Kubb is a fun Swedish yard game for 2-12 players that is similar to horseshoes or bocce. It always attracts a crowd when we play the game on the beach, and I’ve yet to meet a player that doesn’t want a set of their own after a couple of rounds.
The Kubb set that I am presenting here is not exactly standard, but the Kubb Governance Committee rarely travels all the way to a tiny beach town in Massachusetts to harass me about it. My king is 4″ taller than normal simply because I think it looks better. It makes no difference in game play. If someone is at the point that they’re knocking down the king, four inches of height is not going to matter much. Also, my throwing batons are 2″ longer than is generally accepted, but they have a little more weight and feel better than the standard ones. If you fear the rules committee, you can shorten the batons and king to the 12″ standard, but I’m telling you that the odds of getting caught in an international kubb scandal are pretty low.
Also, this requires a saw, so don’t cut your friggin’ fingers off.
Materials and Tools
All the materials can be found at your local lumber yard or home center for less than $20. You’ll need:
- 6’5″ of 4×4 non-pressure treated lumber (there are a lot of chemicals in pressure treated that I didn’t think would be as safe as using regular lumber.)
- 7′ of 1.5″ wooden closet pole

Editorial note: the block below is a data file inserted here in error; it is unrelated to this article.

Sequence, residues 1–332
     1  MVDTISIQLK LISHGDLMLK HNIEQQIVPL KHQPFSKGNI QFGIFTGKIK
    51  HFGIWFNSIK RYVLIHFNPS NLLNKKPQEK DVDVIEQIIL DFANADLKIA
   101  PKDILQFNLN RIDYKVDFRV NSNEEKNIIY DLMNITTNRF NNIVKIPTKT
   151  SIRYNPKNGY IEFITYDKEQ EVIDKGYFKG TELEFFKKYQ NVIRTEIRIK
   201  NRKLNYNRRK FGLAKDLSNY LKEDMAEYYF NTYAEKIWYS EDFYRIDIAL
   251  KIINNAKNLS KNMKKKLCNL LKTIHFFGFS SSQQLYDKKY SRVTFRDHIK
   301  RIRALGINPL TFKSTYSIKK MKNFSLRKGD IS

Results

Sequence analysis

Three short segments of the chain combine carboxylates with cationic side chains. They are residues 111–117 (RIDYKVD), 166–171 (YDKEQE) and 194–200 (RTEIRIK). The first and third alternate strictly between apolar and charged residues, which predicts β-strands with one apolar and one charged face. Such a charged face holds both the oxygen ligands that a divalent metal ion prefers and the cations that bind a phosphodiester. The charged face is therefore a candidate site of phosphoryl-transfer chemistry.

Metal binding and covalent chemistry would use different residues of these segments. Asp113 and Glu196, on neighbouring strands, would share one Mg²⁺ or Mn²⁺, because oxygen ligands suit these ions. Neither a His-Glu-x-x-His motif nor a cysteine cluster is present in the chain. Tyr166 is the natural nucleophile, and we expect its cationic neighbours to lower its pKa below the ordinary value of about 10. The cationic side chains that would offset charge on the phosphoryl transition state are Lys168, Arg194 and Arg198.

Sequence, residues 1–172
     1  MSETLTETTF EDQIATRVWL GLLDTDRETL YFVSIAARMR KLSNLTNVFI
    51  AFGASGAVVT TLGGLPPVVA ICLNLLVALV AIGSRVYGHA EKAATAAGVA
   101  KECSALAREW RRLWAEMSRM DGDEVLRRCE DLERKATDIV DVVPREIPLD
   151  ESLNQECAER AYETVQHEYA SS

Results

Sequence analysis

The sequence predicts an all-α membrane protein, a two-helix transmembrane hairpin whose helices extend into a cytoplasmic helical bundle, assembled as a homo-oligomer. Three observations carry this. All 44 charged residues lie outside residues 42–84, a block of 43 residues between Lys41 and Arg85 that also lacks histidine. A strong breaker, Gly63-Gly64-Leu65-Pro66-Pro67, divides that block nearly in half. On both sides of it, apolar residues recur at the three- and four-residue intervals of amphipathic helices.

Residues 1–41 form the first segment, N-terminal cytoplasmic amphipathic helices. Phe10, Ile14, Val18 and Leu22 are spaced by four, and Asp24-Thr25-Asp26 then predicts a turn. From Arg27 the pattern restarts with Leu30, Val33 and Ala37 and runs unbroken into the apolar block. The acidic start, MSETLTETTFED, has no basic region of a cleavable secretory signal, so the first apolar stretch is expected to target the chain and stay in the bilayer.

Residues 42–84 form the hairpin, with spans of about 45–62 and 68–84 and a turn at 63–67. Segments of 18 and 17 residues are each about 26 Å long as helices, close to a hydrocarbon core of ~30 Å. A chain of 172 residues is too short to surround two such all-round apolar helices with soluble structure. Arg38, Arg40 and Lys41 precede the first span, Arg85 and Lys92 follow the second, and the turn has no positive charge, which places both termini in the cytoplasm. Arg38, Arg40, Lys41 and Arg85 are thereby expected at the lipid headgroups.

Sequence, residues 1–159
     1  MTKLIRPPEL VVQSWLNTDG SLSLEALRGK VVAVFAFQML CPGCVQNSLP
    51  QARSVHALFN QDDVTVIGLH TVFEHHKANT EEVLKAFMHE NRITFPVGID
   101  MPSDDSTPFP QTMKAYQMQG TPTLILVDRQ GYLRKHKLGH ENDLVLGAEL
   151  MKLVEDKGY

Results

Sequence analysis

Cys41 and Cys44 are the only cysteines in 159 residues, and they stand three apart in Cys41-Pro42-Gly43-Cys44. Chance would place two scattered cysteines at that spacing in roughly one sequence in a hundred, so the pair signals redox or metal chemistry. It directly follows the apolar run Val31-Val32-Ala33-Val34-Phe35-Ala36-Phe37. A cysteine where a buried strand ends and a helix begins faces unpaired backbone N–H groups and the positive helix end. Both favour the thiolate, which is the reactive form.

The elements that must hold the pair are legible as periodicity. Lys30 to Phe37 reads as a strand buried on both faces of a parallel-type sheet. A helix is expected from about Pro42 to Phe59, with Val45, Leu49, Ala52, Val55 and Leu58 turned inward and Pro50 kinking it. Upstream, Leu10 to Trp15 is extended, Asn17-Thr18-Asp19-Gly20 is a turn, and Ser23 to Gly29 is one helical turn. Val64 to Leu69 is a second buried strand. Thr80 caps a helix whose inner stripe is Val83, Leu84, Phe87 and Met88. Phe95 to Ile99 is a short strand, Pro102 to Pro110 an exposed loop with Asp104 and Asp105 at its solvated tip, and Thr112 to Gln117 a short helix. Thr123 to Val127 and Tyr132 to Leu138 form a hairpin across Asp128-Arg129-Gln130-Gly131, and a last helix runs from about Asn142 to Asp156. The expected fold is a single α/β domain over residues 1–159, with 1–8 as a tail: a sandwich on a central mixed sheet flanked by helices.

- masking tape (optional)
- a saw (preferably a table or chop saw)
- a table router (optional)
Building the Set
This shouldn’t take more than an hour.
- Create the King
Cut 16″ off of the 4×4. This is your king. Hail him. If you want, you can rout a line 4″ from the top to dress him up. If you really want to get fancy you can make the top look like a crown. I’m a minimalist. And lazy. And I love my fingers. So my monarch got a line routed all the way around, but no crown.
- Make 10 Kubbs
Rip 1/2″ off of two adjacent sides of the remaining five feet of 4×4 to create a solid 3″ x 3″ beam. If you’re doing the math and this doesn’t add up, a 4×4 is really only 3.5″ x 3.5″.
Cut the beam you just made every 6 1/8 inches to create the kubbs. The extra 1/8″ is to account for the wood lost by a standard saw blade.
- Make 6 throwing batons
Cut the 7′ of closet pole every 13.9″ (you’ll lose 5/8″ to your cuts, and if you don’t account for it at the start, your last baton will be a 1/2″ short). Wrapping a piece of masking tape around the pole and cutting through it will minimize the number of splinters that break off the ends of the batons when you make your cuts.
And that’s it. Clean up all the sawdust, load the set into a strong bag, and head out to your next BBQ or beach party to spread the love.
Get a Copy of the Rules
Check my Illustrated Rules of Kubb for complete rules.
And that’s all there is to it. Now you can take your set, throw on your viking helmet, and go forth to conquer the yards of America this fall.
So what do you think? Are you going to make a set?